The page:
Destination-wise, the US now accounts for 28.04 per cent of total Irish exports, with Germany taking 12.07 per cent. In 1995, exports to North America were valued at about €4.1 billion; by 2020, that figure had risen to €56.8 billion. About 900 American-owned firms have their European headquarters in Ireland.
The World Trade Organisation found that global supply chains have shifted since 2000 with the arrival of China on the global stage. One country is an outlier and that country is Ireland, which has made a dramatic shift from the UK/EU orbit to the US. This is now our industrial base. And these huge geopolitical changes and the microchip wars will benefit us.
A key player in this will be Intel, a company going through some short-term problems but one that will have invested $17 billion (€16.9 billion) in its Leixlip lab by the end of 2023. Intel is betting its house on expansion, which is why its share price is weak; money that used to go back to shareholders is going towards massive investment. Until recently, only Intel’s operations in Ireland and Israel had clearance to work on its latest technology, nano technology, so sophisticated it bends light, in order to generate chips that are so tiny we are talking atomic-level engineering.
This is precisely the technology the US wants to keep out of Chinese hands. Only two other companies worldwide are capable of producing the highest quality microchips and both are in Asia. One is in Taiwan (TSCM) and the other in Korea (Samsung), and they are far too close to a revanchist China for comfort.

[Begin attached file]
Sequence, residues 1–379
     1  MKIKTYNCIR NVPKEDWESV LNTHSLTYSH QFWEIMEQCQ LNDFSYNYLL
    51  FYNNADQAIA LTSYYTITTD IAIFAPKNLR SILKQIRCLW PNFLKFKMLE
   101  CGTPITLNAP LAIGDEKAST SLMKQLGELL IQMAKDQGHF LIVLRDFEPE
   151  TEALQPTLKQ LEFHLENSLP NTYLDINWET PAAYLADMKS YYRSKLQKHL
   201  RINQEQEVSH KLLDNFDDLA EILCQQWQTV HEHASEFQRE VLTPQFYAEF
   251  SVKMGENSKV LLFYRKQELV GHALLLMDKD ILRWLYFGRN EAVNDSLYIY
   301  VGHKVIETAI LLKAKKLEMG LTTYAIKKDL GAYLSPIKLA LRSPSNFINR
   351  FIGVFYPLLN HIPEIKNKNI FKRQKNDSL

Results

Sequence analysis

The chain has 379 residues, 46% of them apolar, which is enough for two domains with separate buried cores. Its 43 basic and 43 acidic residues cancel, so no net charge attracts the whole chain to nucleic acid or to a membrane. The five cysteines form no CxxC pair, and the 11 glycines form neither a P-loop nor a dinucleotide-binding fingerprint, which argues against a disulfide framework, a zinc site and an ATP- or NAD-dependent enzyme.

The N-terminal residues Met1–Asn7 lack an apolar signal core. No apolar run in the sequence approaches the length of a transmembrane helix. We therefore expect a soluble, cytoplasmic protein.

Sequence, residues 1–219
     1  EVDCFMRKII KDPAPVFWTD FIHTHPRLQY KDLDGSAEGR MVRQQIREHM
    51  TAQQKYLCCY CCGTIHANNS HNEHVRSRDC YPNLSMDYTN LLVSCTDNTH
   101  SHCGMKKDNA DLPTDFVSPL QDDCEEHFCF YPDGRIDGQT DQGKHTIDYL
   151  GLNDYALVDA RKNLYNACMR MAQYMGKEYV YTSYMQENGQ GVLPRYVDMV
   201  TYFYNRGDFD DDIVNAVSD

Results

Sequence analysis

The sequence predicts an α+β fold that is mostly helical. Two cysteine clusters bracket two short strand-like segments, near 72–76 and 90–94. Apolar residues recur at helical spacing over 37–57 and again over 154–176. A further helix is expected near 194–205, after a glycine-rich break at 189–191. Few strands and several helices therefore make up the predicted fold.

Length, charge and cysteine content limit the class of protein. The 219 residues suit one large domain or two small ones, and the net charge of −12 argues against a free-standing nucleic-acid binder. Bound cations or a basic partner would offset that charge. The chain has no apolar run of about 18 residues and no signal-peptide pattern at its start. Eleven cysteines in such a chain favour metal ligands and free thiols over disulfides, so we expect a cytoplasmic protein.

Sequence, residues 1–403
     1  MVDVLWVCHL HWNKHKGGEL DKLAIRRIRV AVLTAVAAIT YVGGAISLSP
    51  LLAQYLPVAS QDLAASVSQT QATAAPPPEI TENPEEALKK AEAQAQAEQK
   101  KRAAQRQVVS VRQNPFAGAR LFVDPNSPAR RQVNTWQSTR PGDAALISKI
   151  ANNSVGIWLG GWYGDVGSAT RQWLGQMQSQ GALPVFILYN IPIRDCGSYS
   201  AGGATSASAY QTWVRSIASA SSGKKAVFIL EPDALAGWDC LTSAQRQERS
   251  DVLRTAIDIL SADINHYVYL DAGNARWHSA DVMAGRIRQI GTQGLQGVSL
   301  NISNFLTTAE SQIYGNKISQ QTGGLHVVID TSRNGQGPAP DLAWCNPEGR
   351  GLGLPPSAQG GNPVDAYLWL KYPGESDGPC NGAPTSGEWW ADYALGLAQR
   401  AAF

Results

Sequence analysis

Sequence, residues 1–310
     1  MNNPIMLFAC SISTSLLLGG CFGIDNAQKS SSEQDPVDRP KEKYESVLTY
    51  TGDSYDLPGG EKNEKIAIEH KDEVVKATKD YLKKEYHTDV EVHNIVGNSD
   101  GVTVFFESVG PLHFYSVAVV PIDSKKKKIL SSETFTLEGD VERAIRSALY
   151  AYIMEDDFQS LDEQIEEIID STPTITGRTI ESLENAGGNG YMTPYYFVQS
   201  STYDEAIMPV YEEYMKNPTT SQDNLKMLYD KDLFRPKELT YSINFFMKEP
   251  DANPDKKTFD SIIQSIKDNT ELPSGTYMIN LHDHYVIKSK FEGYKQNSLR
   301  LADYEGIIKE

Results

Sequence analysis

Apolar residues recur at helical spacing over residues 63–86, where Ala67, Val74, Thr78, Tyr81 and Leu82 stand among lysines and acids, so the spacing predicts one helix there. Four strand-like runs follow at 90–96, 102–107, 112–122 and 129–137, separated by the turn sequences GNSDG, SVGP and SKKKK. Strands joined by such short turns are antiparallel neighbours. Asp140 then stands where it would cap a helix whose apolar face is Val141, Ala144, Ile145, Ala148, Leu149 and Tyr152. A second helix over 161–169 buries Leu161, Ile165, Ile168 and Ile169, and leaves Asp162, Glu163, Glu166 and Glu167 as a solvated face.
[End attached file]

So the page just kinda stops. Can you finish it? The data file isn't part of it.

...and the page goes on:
All tech companies have been badly affected by supply chain problems associated with the pandemic, afflicted by the “golden screw” problem of missing an essential component. In time, they will recalibrate their supply chains, which is exactly what this trade war is all about.
The big shift in geopolitics since the Russian invasion of Ukraine, and China’s swerve away from the US, is that trade policy is now being guided by governments, not the markets. Governments are back. Government subsidies are attracting Intel to expand in Germany, where it has just announced its largest new lab.
These enormous strategic investments do not happen on their own but are part of an international techno-strategic niche. Intel (and for Intel read the US government) intends to hermetically seal access to its technology, keeping it within its US/Ireland/Israel/Germany network. Why wouldn’t it? And this is where the new cold war is playing out. Microchips control all advanced computing and advanced computing is the new arms race. The new realignment of global politics means industrial locations such as Ireland will prosper in the years ahead. Making the most advanced technology in the world acts will be a magnet for all sorts of other high-tech production, a kind of “halo effect”.
Global Ireland is now part of the new cold war, where producing semi-conductors is far more important than producing semi-automatics. Events in China are working in our favour. Technological innovation is the future and, as the global supply chain recalibrates, Kildare – where Intel’s Leixlip campus is located – will emerge as one of its focal points.